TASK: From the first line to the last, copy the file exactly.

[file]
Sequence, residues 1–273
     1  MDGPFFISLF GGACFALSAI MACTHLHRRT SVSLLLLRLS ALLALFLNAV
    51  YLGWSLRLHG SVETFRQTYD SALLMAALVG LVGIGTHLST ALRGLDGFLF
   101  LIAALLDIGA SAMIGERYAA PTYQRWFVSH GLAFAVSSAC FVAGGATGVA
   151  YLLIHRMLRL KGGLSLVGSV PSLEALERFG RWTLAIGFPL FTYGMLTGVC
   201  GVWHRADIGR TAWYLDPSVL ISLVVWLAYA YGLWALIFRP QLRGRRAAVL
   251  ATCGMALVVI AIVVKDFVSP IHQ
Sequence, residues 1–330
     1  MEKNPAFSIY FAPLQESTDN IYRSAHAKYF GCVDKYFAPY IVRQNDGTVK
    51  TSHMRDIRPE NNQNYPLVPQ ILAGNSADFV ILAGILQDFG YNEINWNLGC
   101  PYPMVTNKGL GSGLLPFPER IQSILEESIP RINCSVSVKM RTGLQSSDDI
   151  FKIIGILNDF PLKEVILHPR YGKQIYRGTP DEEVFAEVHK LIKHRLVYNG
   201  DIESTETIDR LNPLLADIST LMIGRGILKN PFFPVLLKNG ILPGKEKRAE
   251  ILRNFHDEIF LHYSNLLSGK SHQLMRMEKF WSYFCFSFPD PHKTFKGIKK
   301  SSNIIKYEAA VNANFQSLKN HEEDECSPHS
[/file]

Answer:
Sequence, residues 1–273
     1  MDGPFFISLF GGACFALSAI MACTHLHRRT SVSLLLLRLS ALLALFLNAV
    51  YLGWSLRLHG SVETFRQTYD SALLMAALVG LVGIGTHLST ALRGLDGFLF
   101  LIAALLDIGA SAMIGERYAA PTYQRWFVSH GLAFAVSSAC FVAGGATGVA
   151  YLLIHRMLRL KGGLSLVGSV PSLEALERFG RWTLAIGFPL FTYGMLTGVC
   201  GVWHRADIGR TAWYLDPSVL ISLVVWLAYA YGLWALIFRP QLRGRRAAVL
   251  ATCGMALVVI AIVVKDFVSP IHQ
Sequence, residues 1–330
     1  MEKNPAFSIY FAPLQESTDN IYRSAHAKYF GCVDKYFAPY IVRQNDGTVK
    51  TSHMRDIRPE NNQNYPLVPQ ILAGNSADFV ILAGILQDFG YNEINWNLGC
   101  PYPMVTNKGL GSGLLPFPER IQSILEESIP RINCSVSVKM RTGLQSSDDI
   151  FKIIGILNDF PLKEVILHPR YGKQIYRGTP DEEVFAEVHK LIKHRLVYNG
   201  DIESTETIDR LNPLLADIST LMIGRGILKN PFFPVLLKNG ILPGKEKRAE
   251  ILRNFHDEIF LHYSNLLSGK SHQLMRMEKF WSYFCFSFPD PHKTFKGIKK
   301  SSNIIKYEAA VNANFQSLKN HEEDECSPHS